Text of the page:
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Biographical entry Jelly, George Oliver (1909 - 1994)

MRCS 1934; FRCS 1939; MA, MCh Oxford 1937.

26 April 1909
Bury, Lancashire
25 August 1994
General surgeon


George Oliver Jelly was born on 26 April 1909 in Bury, Lancashire, the son of George Aubrey Jelly, an ophthalmologist, and Kathleen Mary Olive, the daughter of a papermaker. He was educated at Rugby, and read greats at Magdalen College, Oxford, but fell ill just before finals and took up medicine instead. Going on to Guy's Hospital for his clinical training he gained the certificate gold medal in surgery, qualified MRCS, LRCP in 1934, was house surgeon to Grant Massie, and later became an assistant in general practice in Bournemouth and Newcastle under Lyne, during which time he took the primary FRCS and the Oxford MA MCh in 1937.

He took the final FRCS in 1939 and joined the RAMC, ending up with the rank of lieutenant colonel. He served in Egypt, Persia, India, France and Germany, where he helped to care for the survivors of Belsen. He returned to become chief surgical assistant at Manchester Royal Infirmary, where he was much influenced by Wilson Hey and Peter McEvedy. He was appointed honorary surgeon to Oldham Royal Infirmary before being appointed consultant surgeon to Ancoat's Hospital, Manchester, in 1948.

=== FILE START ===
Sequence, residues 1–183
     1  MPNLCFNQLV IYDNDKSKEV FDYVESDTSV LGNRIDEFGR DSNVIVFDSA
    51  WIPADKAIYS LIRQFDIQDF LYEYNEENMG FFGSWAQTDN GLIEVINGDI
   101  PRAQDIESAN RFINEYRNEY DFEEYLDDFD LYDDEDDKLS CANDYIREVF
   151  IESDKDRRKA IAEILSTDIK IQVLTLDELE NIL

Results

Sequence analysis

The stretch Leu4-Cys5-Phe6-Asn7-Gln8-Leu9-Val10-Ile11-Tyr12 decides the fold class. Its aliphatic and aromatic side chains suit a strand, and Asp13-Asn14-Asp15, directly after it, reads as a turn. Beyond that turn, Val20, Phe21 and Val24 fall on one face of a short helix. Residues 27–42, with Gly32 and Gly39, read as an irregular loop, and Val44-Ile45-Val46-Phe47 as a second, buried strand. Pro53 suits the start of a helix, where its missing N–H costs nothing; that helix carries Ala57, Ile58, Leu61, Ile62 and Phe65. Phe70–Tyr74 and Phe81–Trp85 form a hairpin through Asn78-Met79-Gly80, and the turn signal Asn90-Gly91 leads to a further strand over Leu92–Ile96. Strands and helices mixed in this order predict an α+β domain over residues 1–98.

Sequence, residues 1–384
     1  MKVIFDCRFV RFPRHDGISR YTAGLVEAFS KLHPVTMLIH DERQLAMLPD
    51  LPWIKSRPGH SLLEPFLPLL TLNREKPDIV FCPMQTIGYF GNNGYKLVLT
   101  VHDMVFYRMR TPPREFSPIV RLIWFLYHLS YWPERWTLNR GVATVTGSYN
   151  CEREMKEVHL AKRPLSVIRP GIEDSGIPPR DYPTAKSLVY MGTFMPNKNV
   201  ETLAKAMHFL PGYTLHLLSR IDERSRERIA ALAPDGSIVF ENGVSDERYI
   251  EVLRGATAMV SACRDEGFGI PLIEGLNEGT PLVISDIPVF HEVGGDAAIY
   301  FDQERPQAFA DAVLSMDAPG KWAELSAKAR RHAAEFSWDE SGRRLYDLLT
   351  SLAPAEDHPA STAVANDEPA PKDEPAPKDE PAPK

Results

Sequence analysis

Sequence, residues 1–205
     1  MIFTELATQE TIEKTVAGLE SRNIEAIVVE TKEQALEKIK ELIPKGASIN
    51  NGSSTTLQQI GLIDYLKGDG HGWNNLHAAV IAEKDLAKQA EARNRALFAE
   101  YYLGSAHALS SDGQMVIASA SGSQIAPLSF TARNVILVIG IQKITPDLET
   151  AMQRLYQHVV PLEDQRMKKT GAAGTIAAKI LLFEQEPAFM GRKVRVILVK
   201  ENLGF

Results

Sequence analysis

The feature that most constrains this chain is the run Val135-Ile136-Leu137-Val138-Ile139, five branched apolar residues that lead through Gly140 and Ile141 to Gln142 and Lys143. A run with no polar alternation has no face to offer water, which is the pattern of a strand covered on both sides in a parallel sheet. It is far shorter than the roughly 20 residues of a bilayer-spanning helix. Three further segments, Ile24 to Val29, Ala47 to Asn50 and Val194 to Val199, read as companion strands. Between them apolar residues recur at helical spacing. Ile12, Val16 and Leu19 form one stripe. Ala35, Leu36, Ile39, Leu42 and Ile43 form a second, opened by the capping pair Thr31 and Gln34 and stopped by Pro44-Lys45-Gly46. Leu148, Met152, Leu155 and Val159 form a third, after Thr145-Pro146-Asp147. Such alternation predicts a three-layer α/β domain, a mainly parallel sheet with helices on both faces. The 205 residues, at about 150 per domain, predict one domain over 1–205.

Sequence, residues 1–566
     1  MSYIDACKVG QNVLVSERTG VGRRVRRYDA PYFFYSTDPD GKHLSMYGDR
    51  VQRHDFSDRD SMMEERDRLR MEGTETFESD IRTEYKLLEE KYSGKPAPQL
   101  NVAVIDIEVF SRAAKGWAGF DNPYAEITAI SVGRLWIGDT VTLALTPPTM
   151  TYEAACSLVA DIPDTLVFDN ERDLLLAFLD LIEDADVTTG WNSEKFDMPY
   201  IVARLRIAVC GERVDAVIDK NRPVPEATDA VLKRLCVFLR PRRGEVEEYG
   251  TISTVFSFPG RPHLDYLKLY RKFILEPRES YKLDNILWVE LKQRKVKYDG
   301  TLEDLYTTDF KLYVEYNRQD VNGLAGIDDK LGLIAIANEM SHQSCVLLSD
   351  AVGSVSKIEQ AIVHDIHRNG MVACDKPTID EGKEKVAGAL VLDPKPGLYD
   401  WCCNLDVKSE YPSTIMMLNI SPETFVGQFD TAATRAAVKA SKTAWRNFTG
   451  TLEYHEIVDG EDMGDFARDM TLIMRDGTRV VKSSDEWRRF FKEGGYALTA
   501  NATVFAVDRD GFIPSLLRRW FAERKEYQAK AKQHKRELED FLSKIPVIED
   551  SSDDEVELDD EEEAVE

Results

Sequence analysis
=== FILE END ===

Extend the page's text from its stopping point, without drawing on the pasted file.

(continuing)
He was a truly general surgeon, covering the whole range of general and urological surgery, and preferring to operate under epidural anaesthetic, which he administered himself. A colourful, eccentric character, his interests ranged from golf and cricket to writing essays - such as Eyesight and Ditchcraft - a novel entitled We Three, and a study on 20th century fictional illness entitled Psychosomatism. He was also a keen artist, and it was whilst converting a property into a studio that he suffered the fall from which he died on 25 August 1994. He married Phyllis Hilda Russell during his final year at Guy's in 1934, and she died in 1990. They had two daughters, a son, and seven grandchildren.

Sources used to compile this entry: [BMJ 1995 310 799, with portrait].

The Royal College of Surgeons of England